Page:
Design considerations and performance evaluation of EHVtransmission lines in India
T S Kishore* and S K Singal
Alternate Hydro Energy Centre, IIT Roorkee, Roorkee-247667, India Received 9 December 2013; revised 24 June 2014; accepted 30 October 2014
Increasing energy demand worldwide needs the development and strengthening of high voltage and high power intensity power transmission lines for meeting the energy requirements. Extra and ultra high voltage transmission lines have been developed and being operated successfully in the developed nations. Recent trends in Indian transmission scenario are progressing towards establishing extra and ultra high voltage lines to strengthen its transmission infrastructure. In the present study, an attempt has been made to discuss broad design aspects of extra high voltage lines. Performance analysis for evaluation of the benefits and costs resulting from these lines in power transmission has also been presented.
Keywords: EHV transmission lines, design, performance evaluation, benefits, costs.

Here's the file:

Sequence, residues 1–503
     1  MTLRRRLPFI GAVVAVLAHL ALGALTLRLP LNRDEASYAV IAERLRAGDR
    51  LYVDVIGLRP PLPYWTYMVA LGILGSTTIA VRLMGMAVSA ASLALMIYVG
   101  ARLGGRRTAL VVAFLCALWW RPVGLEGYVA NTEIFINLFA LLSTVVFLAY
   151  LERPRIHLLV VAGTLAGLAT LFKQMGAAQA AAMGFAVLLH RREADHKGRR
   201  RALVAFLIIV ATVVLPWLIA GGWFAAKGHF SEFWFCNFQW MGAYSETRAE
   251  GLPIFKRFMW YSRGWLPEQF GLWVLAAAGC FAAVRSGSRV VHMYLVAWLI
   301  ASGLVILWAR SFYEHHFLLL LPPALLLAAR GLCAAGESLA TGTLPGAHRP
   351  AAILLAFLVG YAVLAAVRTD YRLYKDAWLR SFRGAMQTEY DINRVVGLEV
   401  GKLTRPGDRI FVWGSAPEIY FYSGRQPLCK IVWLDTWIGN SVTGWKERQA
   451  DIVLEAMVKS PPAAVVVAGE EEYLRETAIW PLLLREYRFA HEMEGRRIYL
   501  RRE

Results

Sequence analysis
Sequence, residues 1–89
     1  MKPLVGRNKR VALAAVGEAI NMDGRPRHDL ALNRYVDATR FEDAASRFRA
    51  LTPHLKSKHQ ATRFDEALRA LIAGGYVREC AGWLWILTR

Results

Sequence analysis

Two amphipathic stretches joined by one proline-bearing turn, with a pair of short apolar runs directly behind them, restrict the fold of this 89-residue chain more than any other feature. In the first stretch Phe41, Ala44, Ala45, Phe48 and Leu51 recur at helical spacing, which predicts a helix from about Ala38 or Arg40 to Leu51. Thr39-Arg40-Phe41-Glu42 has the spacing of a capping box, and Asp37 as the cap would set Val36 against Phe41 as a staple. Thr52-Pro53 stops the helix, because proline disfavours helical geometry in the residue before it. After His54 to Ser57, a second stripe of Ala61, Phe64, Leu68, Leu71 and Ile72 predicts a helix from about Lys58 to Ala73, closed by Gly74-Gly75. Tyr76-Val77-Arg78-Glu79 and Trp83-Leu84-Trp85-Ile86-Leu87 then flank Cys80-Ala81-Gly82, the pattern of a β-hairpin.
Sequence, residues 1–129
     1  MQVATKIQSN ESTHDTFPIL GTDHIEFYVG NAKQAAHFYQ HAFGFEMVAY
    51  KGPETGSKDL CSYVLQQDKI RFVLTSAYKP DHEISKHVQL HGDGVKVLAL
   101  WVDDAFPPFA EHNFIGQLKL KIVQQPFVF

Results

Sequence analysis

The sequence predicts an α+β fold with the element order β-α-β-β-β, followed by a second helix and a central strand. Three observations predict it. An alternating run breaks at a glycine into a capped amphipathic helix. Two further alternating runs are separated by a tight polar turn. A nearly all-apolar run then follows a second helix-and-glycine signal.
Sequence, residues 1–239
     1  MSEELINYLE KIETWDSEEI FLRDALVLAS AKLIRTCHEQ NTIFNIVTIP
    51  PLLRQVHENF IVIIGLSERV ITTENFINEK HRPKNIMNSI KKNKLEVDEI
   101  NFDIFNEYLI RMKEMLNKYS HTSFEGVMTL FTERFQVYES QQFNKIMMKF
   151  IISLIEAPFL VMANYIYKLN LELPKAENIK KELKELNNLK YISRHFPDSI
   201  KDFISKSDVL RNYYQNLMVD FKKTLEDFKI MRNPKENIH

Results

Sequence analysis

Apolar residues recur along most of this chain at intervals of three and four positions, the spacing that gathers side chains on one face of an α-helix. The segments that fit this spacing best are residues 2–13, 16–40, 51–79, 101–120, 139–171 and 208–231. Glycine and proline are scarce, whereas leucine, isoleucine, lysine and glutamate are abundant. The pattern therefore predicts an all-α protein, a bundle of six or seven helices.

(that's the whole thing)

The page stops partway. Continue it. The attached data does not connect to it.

Electricity sector of India is growing at a rapid pace. According to Central Electricity Authority (CEA) annual report 20141, installed capacity in India is 2,49,488 MW with a generation mix of 63% from thermal, 25% from hydro, 3% from nuclear power plants and 9% from renewable energy sources. The country’s peak energy demand is 1, 35,918 MW and the peak demand met is 1, 29,815 MW with a demand shortfall of about 10%. The peak demand in 2017 and 2021 has been projected as 200 GW and 284 GW, with corresponding energy requirements of 13, 54,874 and 19, 04,861 MU respectively. One of the major reasons for not meeting the peak demand is the lack of proper transmission infrastructure. India is a vast country having varied geography, terrain and weather conditions due to which generation resources are wide spread. The generating stations are mostly located near the generation resources due to economics of operation and environmental constraints and are far away from the load centres. This triggered the need for developing extra and ultra high voltage transmission systems for evacuation of bulk power with minimum transmission losses2-4. Presently, 400 kV transmission lines form the backbone of India’s power network. Even though 765 kV line technology is available, the numbers of these lines constructed and operational are few as compared to